Merrie-Ellen Wilcox’s garden is not only lush and colourful, but everything in it has a function.
“It’s all been created to feed my family, or the birds and the insects, or to sustain the Garry Oak ecosystem,” she says, surveying her sun-drenched front yard which features drought tolerant Mediterranean style plants. Down both sides of her house are hedgerows of native plants; throughout the back yard, shade tolerant native species are separated by driftwood-lined gravel pathways. Interspersed throughout are vegetables, berry bushes, and herbs.
When Merrie-Ellen’s husband suggested they add honeybees, it only seemed natural to locate two beehives in the centre of the miniature Garry Oak ecosystem in her back yard.
This wonderful natural garden is only one of the gardens featured on this year’s Victoria Hospice Teeny Tiny Garden Tour, set for Sunday, June 9th. In addition to being a Victoria Hospice Society Board Member, Merrie-Ellen has studied restoration of natural systems, and appreciates the relationship between her bees, which depend on the plants in her garden, and the ecosystem, which is entirely dependent on the work of the bees.
“I see a lot of similarities between my bees and the care provided by Hospice. They both perform a vital service for our community, and in turn depend on the support of the community,” says Merrie-Ellen. While the garden tour is a fund-raiser for Victoria Hospice, it’s also a gift back to Victorians who will have the opportunity to visit some of the city’s most unique small gardens.
“The idea of celebrating gardens in small spaces originated with Carolyn Thomas, a former Hospice employee,” says Kelly Redlin, a Hospice nurse and a member of the organizing committee. “She wanted to establish a distinctive garden tour for Hospice that was different from other established tours. Thus, the Teeny Tiny Garden Tour was born.”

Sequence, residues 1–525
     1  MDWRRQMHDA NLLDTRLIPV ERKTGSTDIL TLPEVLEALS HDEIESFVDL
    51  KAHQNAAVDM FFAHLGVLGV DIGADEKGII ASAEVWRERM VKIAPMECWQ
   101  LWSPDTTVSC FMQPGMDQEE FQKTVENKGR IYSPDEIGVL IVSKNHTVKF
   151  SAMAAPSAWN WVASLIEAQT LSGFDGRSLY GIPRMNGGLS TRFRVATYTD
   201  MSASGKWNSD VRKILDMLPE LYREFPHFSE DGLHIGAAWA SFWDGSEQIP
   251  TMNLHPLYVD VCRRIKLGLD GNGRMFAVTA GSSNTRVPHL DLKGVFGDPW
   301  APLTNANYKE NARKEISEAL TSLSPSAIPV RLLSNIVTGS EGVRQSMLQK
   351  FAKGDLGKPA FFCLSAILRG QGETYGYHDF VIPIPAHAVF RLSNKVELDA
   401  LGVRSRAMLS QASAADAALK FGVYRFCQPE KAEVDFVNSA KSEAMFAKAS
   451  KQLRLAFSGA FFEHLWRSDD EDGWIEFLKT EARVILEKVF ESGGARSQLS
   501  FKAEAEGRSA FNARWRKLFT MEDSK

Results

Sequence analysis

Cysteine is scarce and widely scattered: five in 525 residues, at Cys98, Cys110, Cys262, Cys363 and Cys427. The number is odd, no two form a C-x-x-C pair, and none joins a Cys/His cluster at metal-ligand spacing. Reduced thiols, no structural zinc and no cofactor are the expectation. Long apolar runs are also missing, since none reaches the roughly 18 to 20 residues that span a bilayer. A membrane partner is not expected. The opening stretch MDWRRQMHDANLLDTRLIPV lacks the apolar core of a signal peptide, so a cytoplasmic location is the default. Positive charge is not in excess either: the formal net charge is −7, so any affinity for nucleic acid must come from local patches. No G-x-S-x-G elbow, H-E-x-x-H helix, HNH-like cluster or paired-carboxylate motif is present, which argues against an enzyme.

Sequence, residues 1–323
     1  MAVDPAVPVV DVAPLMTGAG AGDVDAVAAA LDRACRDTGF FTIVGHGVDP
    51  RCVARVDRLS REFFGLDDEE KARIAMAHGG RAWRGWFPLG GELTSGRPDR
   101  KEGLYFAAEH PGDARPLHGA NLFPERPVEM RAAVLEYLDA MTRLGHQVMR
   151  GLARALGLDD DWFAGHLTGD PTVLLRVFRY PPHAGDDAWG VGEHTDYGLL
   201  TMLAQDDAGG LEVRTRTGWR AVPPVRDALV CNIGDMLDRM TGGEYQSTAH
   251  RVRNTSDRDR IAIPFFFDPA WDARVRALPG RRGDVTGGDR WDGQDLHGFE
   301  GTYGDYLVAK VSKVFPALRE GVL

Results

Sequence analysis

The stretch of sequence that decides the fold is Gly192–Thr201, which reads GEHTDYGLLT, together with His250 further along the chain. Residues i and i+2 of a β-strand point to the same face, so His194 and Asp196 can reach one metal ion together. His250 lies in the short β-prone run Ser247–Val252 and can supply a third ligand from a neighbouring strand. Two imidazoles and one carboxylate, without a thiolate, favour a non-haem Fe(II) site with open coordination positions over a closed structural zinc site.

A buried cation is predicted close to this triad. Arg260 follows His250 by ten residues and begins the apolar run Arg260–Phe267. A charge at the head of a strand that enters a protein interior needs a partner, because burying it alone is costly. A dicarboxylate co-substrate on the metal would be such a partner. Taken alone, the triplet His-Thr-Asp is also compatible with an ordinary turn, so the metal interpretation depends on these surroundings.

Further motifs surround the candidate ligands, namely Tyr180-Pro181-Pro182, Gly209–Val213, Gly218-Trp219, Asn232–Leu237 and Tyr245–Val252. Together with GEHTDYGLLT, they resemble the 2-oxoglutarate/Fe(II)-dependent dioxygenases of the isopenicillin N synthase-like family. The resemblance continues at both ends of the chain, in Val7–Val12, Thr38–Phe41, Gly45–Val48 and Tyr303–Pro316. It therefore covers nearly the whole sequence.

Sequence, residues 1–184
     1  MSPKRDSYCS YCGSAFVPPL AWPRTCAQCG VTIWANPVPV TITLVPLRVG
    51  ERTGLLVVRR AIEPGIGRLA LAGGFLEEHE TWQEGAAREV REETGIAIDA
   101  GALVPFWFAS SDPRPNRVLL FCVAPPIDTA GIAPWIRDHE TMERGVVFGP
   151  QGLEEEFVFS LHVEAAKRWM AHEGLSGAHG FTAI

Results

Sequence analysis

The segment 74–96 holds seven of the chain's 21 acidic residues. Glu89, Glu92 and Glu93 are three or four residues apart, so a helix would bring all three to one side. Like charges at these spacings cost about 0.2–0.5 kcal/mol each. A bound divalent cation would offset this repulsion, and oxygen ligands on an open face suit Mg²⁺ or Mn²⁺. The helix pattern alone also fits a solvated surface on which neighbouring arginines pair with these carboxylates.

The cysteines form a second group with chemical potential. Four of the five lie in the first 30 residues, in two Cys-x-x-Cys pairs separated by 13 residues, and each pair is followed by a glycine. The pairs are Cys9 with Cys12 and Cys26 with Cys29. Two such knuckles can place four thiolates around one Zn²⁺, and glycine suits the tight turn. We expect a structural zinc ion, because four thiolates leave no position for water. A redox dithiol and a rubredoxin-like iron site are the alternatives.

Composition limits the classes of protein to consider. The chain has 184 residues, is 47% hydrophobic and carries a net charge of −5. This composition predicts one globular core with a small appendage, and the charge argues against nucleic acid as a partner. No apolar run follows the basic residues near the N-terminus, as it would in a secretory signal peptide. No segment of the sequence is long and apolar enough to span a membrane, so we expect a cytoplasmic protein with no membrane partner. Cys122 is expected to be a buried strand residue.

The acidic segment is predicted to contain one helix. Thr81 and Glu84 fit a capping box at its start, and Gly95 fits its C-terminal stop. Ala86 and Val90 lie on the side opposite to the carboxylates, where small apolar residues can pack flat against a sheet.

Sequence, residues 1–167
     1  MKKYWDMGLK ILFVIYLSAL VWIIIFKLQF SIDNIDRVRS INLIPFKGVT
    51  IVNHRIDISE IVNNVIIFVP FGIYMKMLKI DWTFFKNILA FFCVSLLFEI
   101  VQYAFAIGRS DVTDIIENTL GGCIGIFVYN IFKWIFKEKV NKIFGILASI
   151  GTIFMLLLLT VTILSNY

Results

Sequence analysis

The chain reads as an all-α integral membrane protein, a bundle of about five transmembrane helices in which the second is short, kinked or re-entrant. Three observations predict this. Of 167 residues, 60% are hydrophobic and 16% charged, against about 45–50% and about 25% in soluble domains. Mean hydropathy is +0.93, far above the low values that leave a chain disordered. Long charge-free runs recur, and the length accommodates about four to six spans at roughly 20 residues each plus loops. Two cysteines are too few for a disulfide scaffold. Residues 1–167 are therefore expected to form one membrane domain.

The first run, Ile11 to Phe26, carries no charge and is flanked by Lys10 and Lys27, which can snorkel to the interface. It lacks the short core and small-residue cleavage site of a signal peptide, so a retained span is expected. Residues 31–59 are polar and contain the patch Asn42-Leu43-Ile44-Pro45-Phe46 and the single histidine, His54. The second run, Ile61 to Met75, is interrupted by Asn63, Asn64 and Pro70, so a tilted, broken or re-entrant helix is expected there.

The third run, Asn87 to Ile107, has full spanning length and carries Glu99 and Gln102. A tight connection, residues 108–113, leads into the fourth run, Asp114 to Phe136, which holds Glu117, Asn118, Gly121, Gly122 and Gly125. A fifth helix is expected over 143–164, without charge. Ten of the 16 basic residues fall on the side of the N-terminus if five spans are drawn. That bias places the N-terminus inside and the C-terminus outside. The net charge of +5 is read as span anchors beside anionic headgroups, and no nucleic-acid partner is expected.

Kelly looks for eye appeal and diversity when she scouts out gardens for each year’s tour. This year’s attendees will walk through a rose lovers garden, a garden that successfully works around rock, a water feature garden, and of course, Merrie-Ellen’s garden with her resident bees, which she assures everyone are gentle.
The Hospice rooftop garden, a much-loved feature of Victoria Hospice, was part of the tour one year, according to Kelly. “Gardens bring peace and comfort, and the rooftop garden is about having something visual and not clinical as patients and their families take a breather from Hospice. Gardens are life affirming.”
Be sure to pick up your ticket from Thrifty’s or Dig This or the Victoria Hospice Thrift Boutique. You will come away with ideas for your own garden and the satisfaction of supporting a vital link in our community. As a bonus, Kelly says, “There will be master gardeners at two of the gardens and they will be there for the day.” She encourages everyone to “Come with a leaf in your pocket or a photo or a question.”